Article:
Amount awarded: $1,031,345

Research team: Professor Adam McCluskey

Mathematical and numerical models of piezoelectric wave energy converters

There is enormous energy in ocean waves, but developing cost-effective wave power devices to harness that energy remains an ongoing challenge. An emerging idea is to use flexible structures to capture this energy via piezoelectric materials that couple elastic strain with electric charge. If these types of devices can provide economically viable energy production, Australia (and the world) could have a new source of electrical power. This project will work with leading international partners to focus on the mathematical foundations underpinning wave energy extraction through the piezoelectric effect. The research team hopes outcomes of this work will motivate further research and development of potential prototypes.

Amount awarded: $452,379

Research team: Professor Michael Meylan; Professor Ngamta Thamwattana

An in-built depolymerisation solution for polyethylene waste

Roughly 350 million tons of petroleum-derived plastics are produced globally each year, and up to 60 per cent of it ends up in landfill or as microplastics in our waterways and soils. This project will embed specifically designed enzymes into polyethylene, which will decompose the plastic to small molecules via elevated temperatures of a compost heap.

The resulting ‘green’ polyethylene should produce no microplastic pollution and reduces tremendous pressures on recycling infrastructure.

Amount awarded: $364,318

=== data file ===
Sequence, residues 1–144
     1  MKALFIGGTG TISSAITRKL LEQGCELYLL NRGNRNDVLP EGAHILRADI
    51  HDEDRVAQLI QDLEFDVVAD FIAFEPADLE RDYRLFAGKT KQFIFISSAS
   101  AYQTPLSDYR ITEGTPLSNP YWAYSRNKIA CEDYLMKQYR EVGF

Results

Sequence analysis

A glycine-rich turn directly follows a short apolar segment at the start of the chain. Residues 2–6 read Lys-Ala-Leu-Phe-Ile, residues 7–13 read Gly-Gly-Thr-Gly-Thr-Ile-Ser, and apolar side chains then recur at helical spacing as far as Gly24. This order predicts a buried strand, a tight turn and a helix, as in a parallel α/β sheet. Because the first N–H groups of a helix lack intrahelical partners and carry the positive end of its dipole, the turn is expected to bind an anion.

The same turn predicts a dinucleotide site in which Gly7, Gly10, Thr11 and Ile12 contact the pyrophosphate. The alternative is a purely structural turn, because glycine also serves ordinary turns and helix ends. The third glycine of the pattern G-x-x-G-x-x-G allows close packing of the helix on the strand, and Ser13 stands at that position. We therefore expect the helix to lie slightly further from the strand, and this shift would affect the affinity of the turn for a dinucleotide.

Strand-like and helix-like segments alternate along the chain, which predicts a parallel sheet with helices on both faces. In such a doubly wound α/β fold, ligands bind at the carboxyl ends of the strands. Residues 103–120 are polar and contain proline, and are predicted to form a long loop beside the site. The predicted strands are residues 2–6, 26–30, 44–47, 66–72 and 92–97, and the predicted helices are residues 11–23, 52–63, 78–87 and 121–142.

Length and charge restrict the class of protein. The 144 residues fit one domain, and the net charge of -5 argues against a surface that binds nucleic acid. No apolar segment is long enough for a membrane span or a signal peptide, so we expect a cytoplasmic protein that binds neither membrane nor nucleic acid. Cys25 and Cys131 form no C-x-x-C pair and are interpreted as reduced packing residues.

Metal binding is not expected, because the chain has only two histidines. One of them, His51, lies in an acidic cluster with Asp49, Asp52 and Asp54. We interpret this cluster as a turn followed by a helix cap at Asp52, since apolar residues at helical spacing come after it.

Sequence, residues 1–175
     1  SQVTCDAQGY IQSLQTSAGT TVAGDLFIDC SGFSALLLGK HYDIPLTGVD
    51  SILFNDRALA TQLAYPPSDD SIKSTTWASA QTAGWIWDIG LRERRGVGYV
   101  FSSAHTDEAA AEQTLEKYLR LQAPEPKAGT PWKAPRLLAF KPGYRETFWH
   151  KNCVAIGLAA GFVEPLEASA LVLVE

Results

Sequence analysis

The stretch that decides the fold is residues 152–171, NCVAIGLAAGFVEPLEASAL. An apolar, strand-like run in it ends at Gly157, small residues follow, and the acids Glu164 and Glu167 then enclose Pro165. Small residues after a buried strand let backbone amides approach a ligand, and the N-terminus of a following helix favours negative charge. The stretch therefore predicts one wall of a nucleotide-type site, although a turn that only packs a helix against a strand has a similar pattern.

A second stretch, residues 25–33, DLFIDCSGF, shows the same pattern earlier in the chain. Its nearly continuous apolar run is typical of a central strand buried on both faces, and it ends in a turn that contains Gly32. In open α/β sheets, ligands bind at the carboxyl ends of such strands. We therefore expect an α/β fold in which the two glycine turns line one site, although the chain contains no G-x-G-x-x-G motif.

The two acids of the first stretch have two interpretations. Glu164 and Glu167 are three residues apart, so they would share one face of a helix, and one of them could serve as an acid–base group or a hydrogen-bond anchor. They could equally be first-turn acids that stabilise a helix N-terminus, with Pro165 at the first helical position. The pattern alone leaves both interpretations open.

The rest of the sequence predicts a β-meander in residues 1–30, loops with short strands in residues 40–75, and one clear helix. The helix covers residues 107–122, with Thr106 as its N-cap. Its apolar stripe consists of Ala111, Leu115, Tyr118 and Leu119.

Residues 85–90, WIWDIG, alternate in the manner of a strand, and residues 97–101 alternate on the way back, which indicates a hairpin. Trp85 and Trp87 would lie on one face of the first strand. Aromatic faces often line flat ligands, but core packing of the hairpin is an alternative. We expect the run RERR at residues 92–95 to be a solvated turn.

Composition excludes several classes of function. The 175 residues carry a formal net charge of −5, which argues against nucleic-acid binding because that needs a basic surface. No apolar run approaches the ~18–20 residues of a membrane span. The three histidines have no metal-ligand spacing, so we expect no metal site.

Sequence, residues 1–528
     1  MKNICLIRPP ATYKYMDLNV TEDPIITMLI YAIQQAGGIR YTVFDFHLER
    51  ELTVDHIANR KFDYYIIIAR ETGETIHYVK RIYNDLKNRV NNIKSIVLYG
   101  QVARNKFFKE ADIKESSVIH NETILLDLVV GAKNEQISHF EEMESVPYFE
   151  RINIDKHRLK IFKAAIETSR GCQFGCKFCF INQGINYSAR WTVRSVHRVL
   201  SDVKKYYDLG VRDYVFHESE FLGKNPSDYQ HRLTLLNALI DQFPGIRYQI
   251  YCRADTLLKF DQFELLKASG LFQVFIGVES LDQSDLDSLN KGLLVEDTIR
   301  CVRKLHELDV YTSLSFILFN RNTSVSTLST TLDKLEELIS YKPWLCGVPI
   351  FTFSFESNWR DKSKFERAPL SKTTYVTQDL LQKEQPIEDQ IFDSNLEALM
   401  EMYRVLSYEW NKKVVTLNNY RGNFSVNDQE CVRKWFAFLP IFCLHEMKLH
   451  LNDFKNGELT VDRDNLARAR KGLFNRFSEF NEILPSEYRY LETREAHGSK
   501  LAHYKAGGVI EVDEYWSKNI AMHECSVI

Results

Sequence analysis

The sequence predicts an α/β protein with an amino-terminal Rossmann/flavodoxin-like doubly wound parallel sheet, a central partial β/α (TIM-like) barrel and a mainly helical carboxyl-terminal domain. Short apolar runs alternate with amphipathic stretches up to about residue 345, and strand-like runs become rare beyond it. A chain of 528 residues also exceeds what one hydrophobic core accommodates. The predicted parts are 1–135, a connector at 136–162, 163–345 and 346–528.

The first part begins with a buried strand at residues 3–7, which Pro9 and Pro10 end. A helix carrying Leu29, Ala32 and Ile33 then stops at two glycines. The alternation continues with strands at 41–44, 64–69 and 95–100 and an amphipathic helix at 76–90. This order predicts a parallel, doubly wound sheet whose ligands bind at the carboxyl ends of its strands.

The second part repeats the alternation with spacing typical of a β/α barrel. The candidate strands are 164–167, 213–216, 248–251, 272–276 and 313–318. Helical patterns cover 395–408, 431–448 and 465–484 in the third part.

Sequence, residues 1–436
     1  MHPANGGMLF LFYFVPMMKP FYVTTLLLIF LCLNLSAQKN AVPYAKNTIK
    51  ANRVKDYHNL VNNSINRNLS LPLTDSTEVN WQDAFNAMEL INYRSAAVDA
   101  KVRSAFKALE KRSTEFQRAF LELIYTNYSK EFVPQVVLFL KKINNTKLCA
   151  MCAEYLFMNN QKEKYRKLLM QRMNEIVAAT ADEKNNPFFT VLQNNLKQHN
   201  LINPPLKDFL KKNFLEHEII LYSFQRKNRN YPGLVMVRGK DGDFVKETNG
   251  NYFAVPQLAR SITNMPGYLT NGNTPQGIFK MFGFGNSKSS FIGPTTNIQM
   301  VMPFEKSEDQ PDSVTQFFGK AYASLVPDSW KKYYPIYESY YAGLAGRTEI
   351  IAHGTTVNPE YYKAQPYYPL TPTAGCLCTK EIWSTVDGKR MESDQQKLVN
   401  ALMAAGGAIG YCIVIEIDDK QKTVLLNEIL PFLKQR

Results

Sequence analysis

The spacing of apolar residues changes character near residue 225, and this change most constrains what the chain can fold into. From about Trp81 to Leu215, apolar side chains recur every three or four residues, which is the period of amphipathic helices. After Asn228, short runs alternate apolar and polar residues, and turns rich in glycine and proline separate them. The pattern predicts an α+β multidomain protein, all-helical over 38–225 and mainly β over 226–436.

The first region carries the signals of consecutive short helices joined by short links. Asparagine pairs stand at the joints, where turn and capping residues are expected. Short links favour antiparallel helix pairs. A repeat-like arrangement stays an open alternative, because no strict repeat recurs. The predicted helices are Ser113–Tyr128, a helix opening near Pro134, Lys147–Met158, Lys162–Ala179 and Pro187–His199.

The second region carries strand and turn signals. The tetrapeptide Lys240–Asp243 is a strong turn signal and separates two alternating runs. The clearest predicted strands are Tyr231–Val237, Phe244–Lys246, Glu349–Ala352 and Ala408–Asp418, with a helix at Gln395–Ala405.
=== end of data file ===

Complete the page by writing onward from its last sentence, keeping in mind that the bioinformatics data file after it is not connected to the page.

Research team: Dr Robert Chapman; Professor Erica Wanless

Understanding the risk of microplastics in Australian agricultural soils

Biosolids produced from wastewater treatment are a significant source of microplastics, which are contaminants of concern for agriculture, food security and ecosystems.

This study will provide the first major investigation into the fate of microplastics in biosolids and biosolid-amended soils in Australia. The knowledge gained will inform future protocols for Australian soil and water quality monitoring programs – which support agriculture sustainability, human health and the quality of our food supply chains in Australia.

Amount awarded: $637,430

Research team: Professor Megharaj Mallavarapu; Associate Professor Geoff MacFarlane

Design of nanoporous BCN with tunable pores for CO2 capture and conversion

The emission of CO2 from the combustion of fossil fuels and other sources is a major contributor of global warming and the acidification of our oceans. This project will offer new knowledge on the design of low-cost advanced materials with specific functionalities for the simultaneous capture and conversion of CO2. The outcomes of this study will not only help mitigate global warming but support Australian industries through further job opportunities and economic benefits.

Amount awarded: $611,500

Research team: Professor Ajayan Vinu